Generally speaking, successful Broadway musicals get revived, and unsuccessful ones do not. But then there are successful ones that, for one reason or another, are considered un-revivable. In the case of Promises, Promises, which ran for a healthy 1,281 performances after opening on December 1, 1968, two factors seemed to consign it to history. One was Burt Bacharach and Hal David's score, which, despite including hits in the title song and "I'll Never Fall in Love Again," sounded more like the songwriters' string of ‘60s pop hits than a typical Broadway score and seemed dated when their music went out of fashion after the ‘60s. The other was Neil Simon's book, adapted from the screenplay of the 1960 film The Apartment by Billy Wilder and I.A.L. Diamond, about a nebbishy young executive who lets corporate bigwigs use his apartment for their extramarital affairs. It already seemed dated in the late ‘60s, and with changing sexual mores from the ‘70s on, practically prehistoric. But over the decades, Bacharach has come back into critical favor, and the story's milieu seems much more timely in 2010, thanks to the success of the TV series Mad Men, which examines the same era. Add in TV star Sean Hayes of Will & Grace and Kristen Chenoweth, who has both Broadway and TV credentials, and Promises, Promises gets its first-ever Broadway revival more than 40 years after the original production. Not surprisingly, the producers have interpolated a couple of Bacharach/David standards, "I Say a Little Prayer" and "A House Is Not a Home," to beef up the score, making it seem more hit-laden than it was the first time around. Jonathan Tunick, who orchestrated the score originally, is credited again, and he clearly has updated his charts. This time around, the cast album doesn't sound so much like a Dionne Warwick LP with other vocalists; the music is closer to a Broadway-style score, while maintaining Bacharach's trademark quirky melodies. Hayes acquits himself credibly in his musical debut. He can certainly carry a tune, and he navigates the sudden Bacharach key and tempo changes without difficulty. (Some theater critics had trouble with his portrayal of a milquetoast heterosexual after his years as a flamboyant TV homosexual, but that's not a problem on disc.) Especially with the interpolated hits, there's plenty for Chenoweth to do, and she is typically effective, even if the Tony Awards committee didn't think her performance even merited a nomination. Katie Finneran, on the other hand, makes a strong impression in her one song, "A Fact Can Be a Beautiful Thing," strong enough to win her a Featured Actress Tony Award (just as Marian Mercer did in the same part in 1969). Promises, Promises is closer to being the Burt Bacharach musical (it's his only Broadway venture) than it is to being the Mad Men musical, especially with the extra songs, and the performers do well by the composer here.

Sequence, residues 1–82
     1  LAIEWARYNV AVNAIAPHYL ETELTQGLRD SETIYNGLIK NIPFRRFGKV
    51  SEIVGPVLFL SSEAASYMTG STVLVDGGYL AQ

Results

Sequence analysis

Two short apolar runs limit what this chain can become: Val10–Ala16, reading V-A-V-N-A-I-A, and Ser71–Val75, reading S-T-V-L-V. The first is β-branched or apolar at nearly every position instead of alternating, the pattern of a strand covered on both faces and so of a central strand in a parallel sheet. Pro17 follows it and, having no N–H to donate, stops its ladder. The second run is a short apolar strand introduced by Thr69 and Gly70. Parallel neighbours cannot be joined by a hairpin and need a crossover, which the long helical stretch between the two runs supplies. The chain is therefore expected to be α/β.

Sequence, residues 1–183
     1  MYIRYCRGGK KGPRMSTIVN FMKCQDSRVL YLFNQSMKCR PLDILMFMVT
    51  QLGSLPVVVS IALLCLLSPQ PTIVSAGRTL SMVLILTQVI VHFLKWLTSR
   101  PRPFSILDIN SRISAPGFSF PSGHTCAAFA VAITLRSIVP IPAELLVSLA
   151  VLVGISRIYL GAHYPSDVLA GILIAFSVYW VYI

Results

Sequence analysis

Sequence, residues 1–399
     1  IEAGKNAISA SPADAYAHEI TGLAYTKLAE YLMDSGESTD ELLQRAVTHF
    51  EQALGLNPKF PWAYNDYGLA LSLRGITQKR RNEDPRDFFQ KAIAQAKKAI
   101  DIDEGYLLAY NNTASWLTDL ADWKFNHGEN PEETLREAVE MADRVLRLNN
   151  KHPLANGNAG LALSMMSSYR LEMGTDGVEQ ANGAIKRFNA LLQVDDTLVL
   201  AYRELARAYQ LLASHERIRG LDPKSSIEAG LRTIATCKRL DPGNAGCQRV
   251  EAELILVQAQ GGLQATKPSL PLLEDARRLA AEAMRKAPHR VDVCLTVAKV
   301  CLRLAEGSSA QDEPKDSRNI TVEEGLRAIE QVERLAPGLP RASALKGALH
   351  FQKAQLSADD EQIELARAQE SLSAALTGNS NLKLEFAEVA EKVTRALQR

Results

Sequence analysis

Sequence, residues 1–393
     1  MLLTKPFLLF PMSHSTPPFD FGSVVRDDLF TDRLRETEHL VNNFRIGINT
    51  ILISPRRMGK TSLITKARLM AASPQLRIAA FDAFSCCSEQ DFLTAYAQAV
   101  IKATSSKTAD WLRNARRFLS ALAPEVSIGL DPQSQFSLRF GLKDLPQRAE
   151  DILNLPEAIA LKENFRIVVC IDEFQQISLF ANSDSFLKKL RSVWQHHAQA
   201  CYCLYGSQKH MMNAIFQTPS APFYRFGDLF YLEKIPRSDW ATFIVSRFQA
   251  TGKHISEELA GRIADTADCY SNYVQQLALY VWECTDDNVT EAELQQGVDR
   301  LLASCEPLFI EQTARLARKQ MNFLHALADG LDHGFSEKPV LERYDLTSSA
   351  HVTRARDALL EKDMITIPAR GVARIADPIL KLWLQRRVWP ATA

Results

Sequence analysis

Share this page
AllMusic Review by William Ruhlmann